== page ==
N: What is your writing process like?
M: I have two levels of writing anything; whether it is a speech or a book. The first one is I have a file called ‘notes.’ Let’s say I’m talking about the concept of Samyama which includes Dharana – complete focus or concentration, Dhyana – meditation or contemplation and Samadhi – divine union. So, every time I come across the word Samyama, it will go in my ‘notes’ folder. Secondly, whatever new ideas come along the way will be added to that folder from which a chapter will be written. Due to this habit, I don’t need to carry around papers every time I’m giving a speech. I remember and have a better understanding of things quite clearly.
N: Did you ever face a writer’s block, if yes, how did you overcome it?
M: There are times when you’re forced to give an article on a deadline and you have to write no matter what, but creativity is not something that can be forced out of you, it happens when it happens and it often depends on one’s mood. So, I think writer’s block is something that happens when the mood is not right. As long as you have the ability to come up with ideas, you cannot face writer’s block. It just comes down to the mood and ability. You run out of ideas when you’re not in the mood.
The only way to overcome it is motivation which sometimes comes in the form of a deadline!
N: As a writer, what do you expect your readers to gain out of this book?
M: I want it to be transformative. If you read my book, appreciate it, but you continue to do whatever you want, it means that I have failed. I expect the person to completely change and transform. I am not saying they should become a Yogi or something, but at least they should start questioning their actions.
Always remember that nobody is born a terrorist. We all have God and devil within us. It is only the question of choices. The more you think of wrong ideas, God’s presence will go away. Therefore, you must understand that you are the devil and you are the angel. Let us not think it is an imaginary fight happening in some other world, no, it is happening within us. The law of Karma decides how much of that divine or the devil will operate through us.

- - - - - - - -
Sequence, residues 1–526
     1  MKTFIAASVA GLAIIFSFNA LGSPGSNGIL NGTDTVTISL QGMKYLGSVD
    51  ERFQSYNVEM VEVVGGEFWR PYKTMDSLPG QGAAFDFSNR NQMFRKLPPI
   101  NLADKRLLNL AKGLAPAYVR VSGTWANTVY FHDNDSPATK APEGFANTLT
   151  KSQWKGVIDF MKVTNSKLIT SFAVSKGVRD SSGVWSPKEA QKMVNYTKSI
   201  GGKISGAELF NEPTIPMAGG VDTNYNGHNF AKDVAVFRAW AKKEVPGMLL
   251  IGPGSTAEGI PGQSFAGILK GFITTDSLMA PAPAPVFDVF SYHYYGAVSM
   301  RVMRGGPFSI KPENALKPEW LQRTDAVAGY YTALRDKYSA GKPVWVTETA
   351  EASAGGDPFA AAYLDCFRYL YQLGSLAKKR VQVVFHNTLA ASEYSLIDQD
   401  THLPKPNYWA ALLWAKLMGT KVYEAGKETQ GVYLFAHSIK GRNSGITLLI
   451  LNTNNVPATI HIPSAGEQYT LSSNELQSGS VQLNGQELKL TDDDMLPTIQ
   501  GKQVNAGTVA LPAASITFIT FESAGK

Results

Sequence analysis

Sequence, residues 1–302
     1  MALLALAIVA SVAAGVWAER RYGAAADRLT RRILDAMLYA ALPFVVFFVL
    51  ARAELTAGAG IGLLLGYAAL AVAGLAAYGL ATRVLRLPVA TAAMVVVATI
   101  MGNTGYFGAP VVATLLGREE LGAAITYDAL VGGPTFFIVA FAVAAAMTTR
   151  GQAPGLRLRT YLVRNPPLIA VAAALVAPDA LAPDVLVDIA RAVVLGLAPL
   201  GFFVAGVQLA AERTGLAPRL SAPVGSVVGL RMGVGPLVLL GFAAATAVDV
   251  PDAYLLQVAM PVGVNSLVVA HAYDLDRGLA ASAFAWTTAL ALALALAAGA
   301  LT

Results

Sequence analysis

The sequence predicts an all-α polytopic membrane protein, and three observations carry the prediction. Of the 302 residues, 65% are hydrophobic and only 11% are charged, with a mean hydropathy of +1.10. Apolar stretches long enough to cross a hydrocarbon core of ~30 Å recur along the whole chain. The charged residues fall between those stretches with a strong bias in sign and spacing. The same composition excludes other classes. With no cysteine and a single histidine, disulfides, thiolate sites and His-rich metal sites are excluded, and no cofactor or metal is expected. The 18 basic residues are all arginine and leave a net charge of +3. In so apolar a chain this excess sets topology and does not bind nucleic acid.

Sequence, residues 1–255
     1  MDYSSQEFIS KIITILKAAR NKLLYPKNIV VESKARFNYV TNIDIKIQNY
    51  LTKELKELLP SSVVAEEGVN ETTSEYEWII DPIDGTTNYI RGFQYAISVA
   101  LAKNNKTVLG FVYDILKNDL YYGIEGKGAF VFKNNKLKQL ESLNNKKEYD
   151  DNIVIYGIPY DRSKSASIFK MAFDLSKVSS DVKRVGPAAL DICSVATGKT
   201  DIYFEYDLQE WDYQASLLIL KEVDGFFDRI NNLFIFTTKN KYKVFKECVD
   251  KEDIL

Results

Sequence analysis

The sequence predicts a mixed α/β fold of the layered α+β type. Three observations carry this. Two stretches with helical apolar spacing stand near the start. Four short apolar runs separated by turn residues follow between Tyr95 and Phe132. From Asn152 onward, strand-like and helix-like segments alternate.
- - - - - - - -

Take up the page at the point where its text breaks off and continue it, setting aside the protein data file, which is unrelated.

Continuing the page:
You choose your own path! If God is omnipotent and omnipresent it means he is in you and you’re in him! So, where is the question of him punishing you? You’re separating yourself from the divine. Therefore, Karma has everything to do with merging yourself with that consciousness. I intend for my book to help people understand all these things. It has to be transformative.
N: As a reader, which book inspires you?
M: I have read a number of books on all religions so I can’t name one. I’d say philosophy, religion and the interface between religion and science is what interests me the most. All of this is also related to theosophy. So, theosophy and theosophical books have been a huge source of inspiration, particularly the early literature of H.P. Blavatsky.
N: Are you planning to write anything else?
M: There is one conversation I had with a famous author. We had a 7-hour conversation which has been recorded and transcribed. I am waiting to see it as a book. It is called Theosophy, Krishnamurthy and transformation. The book is ready but it has to be edited.
Another project I’m working on is a book called The wisdom of the Matrix. It is a big concept by itself and is really interesting. I also started quite a few pages of a book called Will you risk transformation? If you want to really transform yourself, you must kill the animal within you. Do you have the faith and patience to change completely? Real yogis who go towards the path of liberation have just enough to sustain themselves for the rest of the week but what makes them make this sacrifice is their faith in the paradigm shift. My book will give an insight on that. These are the projects that I’m currently working on.
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By Naqiyah Hasan